Venice has been pioneering ‘charging posts’ allowing visitors to plug in their electric boat during shore excursions

“Many of us wish our old petrol 40hp outboard still ran as great as it did on the day it was new, like electric does. Electric motors are rated in thousands of hours of operation, not hundreds. Resale values for electric outboards are excellent and used motors are well sought after. As batteries become lighter, more powerful and affordable, this industry will explode.”

Even quite powerful e-outboards are still easy to lift on and off a boat, especially when the battery is a detachable unit. As most proprietary batteries are lithium-ion, they are usually around three times lighter than a lead-acid equivalent anyway.

As a result of more dependable and ‘smarter’ motor technology and steadily improving battery chemistry, yacht owners who have converted to electric-only propulsion – even if just for the tender – usually endorse their decision. The experience with the cleanliness and silent running of the outboard often encourages them to consider electric propulsion for the yacht itself.

As TEMO’s Alexandre Seux explains: “Few boaters will invest €10,000 for an electric propulsion system for their yacht until they are fully confident with the technology. Instead, they will start with dinghy propulsion, but only once they are convinced by its advantages will they invest in higher power for their main boat. I believe the dinghy market will drive the growth of the entire e-propulsion market in the yachting industry. That’s why at TEMO we chose to start small and every year we will unveil a more powerful system.”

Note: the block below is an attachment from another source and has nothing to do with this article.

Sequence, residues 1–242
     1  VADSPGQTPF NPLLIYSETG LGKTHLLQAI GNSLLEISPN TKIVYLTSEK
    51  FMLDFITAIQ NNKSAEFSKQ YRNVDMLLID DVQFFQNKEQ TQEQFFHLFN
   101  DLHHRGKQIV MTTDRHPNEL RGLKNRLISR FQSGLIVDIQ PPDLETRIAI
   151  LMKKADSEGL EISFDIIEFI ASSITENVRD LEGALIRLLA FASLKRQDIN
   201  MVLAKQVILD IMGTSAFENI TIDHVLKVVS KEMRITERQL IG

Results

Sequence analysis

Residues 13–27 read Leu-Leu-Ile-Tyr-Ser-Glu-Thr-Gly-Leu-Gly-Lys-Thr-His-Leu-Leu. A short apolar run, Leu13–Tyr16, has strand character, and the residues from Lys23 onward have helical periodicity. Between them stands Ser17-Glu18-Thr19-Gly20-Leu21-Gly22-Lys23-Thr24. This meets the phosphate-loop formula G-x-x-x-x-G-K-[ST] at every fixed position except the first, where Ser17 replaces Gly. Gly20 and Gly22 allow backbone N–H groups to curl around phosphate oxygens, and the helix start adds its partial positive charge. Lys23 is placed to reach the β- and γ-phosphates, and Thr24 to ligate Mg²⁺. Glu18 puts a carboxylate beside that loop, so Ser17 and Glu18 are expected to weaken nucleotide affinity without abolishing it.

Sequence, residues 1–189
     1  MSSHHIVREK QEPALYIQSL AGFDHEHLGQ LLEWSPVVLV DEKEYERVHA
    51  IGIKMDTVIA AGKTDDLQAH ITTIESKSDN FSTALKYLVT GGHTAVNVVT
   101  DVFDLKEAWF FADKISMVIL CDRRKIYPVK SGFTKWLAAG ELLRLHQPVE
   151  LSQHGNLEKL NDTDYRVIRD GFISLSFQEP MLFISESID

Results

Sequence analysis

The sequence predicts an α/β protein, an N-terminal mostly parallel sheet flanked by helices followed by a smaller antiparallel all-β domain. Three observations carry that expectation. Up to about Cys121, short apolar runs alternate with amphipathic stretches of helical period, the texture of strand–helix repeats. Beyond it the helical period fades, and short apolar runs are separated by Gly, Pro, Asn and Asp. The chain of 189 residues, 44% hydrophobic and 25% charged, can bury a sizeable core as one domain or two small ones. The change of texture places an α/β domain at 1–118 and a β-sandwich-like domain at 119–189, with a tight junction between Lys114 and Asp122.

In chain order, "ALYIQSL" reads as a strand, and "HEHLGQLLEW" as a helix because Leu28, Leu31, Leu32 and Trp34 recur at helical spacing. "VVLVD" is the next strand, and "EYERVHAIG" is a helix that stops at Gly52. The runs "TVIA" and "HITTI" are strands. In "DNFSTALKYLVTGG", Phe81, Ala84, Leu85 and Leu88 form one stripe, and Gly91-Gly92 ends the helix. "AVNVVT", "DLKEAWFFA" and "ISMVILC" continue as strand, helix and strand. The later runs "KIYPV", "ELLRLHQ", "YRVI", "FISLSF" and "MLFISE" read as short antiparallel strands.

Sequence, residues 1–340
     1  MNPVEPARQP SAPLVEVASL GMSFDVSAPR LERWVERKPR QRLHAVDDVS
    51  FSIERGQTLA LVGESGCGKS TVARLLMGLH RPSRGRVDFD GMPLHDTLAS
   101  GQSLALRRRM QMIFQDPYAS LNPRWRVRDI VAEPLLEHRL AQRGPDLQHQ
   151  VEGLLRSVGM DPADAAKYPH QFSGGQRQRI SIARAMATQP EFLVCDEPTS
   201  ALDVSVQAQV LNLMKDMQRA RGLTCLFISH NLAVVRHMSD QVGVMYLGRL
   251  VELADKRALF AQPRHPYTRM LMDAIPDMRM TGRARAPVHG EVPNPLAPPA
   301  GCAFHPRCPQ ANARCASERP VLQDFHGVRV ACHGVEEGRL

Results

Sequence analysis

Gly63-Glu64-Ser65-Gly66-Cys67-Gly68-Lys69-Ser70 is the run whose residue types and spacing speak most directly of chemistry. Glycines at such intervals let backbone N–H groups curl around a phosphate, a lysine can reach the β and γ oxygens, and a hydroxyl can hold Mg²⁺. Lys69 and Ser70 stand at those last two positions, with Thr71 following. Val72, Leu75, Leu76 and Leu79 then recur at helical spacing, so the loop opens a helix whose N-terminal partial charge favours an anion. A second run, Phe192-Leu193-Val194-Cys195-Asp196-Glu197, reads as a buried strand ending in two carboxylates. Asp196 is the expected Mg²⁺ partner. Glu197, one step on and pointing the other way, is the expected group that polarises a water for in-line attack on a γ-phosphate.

Pros and cons of electric outboard motors

Pros

  • Reliability
  • Longevity
  • Portability
  • Low running costs
  • Low maintenance
  • Low noise levels
  • No fluids
  • Renewable fuel
  • Good resale value

Cons

  • High initial cost
  • Range limits
  • Long recharge times

Electric outboard motor battery power problems

Battery range, battery price and recharge times are the main stumbling blocks for electric power in the general marine market. Per kilogram, battery chemistry is lagging a long way behind the energy density of fossil fuels but is steadily catching up. This drawback is being offset by much smarter control systems to eke out the amps.